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Washington — President Barack Obama welcomed U.S. Olympians to the White House on Thursday, and he singled out one of Flint's own for her performance in the boxing ring in Rio de Janeiro.

“Only one American boxer, male or female, has ever won back-to-back Olympic golds – Claressa Shields,” Obama said to applause.

He noted that the United States had more women competing in the Rio games than any other nation ever, and that American women won more bronze, silver and gold – 61 – than some countries did. The U.S. women also bested the U.S. men’s 51 medals.

“One of the reasons our country is so proud of this year’s Team USA is 2016 belonged to America’s women Olympians. I mean, no question,” Obama said during an event in the East Room.

“And as the father of two young women, for them to have that example of health, and drive, and competition, and persistence, and strength – it makes me really proud. So thank you – all the great jobs that you guys did.”

Shields was among 600 members of Team USA in the audience, wearing matching cherry red warmup jackets, navy tights and neon yellow Nike sneakers.

“I am humbled and honored to be recognized by @POTUS,” Shields later posted on Twitter with the hashtag, “just a kid from Flint.”

Shields, 21, also posted photos of herself with other Olympians, including sprinter Allyson Felix, basketball players Angel McCoughtry and Tamika Catchings, and long-jumper Mike Hartfield.

Swimmer Allison Schmitt, a Canton native, posted a photo with teammates in the East Room, saying, “We were playin ball with the president.”

Jeff Porter, a former track All-American at the University of Michigan who works for the athletic department, also tweeted about his experience: “Just met @POTUS @FLOTUS & @VP! I’m too excited. Truly genuine ppl.”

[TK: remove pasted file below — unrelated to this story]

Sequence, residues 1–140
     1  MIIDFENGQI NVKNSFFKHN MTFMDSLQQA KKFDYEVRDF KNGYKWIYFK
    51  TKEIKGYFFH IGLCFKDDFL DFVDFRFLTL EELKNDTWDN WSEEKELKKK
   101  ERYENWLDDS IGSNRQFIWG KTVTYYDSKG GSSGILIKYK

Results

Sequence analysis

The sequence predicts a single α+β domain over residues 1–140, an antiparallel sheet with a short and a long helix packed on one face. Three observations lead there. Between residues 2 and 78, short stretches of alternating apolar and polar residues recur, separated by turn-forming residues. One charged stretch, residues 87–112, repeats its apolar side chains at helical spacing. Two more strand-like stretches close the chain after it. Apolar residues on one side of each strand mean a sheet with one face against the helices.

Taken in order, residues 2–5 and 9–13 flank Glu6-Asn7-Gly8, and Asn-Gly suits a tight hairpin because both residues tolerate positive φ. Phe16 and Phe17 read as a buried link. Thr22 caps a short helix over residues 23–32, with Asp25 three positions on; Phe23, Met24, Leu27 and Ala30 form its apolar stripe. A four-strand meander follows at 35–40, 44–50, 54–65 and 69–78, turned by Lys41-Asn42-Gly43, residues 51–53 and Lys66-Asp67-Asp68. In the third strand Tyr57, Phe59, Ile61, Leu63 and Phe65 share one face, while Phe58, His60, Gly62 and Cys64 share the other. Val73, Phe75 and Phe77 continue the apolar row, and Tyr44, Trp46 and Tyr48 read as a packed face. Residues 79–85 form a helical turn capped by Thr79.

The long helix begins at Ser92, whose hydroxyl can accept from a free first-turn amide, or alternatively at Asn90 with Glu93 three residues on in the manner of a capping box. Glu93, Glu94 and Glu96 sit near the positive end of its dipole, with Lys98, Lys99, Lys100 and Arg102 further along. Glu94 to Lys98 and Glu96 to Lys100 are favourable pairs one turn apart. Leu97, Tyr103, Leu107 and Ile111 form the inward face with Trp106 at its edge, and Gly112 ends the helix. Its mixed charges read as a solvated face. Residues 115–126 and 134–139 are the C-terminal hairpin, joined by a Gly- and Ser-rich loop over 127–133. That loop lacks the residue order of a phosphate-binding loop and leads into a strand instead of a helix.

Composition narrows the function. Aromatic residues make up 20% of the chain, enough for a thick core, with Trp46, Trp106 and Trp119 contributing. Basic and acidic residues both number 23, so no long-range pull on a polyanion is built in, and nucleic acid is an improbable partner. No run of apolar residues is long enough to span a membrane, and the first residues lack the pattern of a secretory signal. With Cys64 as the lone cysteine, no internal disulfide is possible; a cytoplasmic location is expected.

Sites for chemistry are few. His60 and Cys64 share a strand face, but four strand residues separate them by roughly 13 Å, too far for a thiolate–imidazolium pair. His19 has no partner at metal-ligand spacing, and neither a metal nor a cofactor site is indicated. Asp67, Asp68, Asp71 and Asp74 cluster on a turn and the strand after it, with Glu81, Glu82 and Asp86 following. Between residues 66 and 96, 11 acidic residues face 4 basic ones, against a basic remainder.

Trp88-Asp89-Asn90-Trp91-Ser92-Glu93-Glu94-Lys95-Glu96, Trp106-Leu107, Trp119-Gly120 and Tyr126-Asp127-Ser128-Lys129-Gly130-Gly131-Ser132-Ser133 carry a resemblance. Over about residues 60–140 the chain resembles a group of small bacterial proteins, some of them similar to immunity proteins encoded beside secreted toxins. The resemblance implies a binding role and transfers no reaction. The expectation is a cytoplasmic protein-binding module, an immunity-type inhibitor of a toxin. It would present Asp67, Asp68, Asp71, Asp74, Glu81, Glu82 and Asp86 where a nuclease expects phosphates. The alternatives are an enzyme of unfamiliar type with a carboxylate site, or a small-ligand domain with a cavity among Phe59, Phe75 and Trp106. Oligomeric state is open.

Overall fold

Prior to the ceremony, the athletes stood in a receiving line and shook the hands of the president, first lady Michelle Obama and Vice President Joe Biden.

“I don’t know how they did it, but all of us got to talk to them, shake their hands. I know we all really appreciate that,” said swimming phenom Katie Ledecky, who won four gold and one silver medal in Rio.

Ledecky and Felix were among a half-dozen athletes who spoke to reporters after the ceremony on the North Portico of the White House.

Felix, the only female track athlete to win six gold medals, said she was humbled to hear personally from the Obamas about specific moments that they recalled from her races.

“That’s just so special, you know? When you’re running a country, you don’t think you would have time to tune into so much of the Olympics,” Felix said. “It made it really a special moment.”

Hugh Freund, 28, won a silver medal in the three-person keelboat sailing event in the Paralympics.

“I was saying to one of the Marines on the way in, this is right up there with walking into the opening ceremony right behind the flag-bearer,” Freund said.

President Obama also recognized Olympians Tommie Smith and John Carlos in the audience, who raised their fists in protest at the 1968 games in Mexico City.

“Their powerful silent protest in the 1968 games was controversial, but it woke folks up and created greater opportunity for those that followed,” Obama said.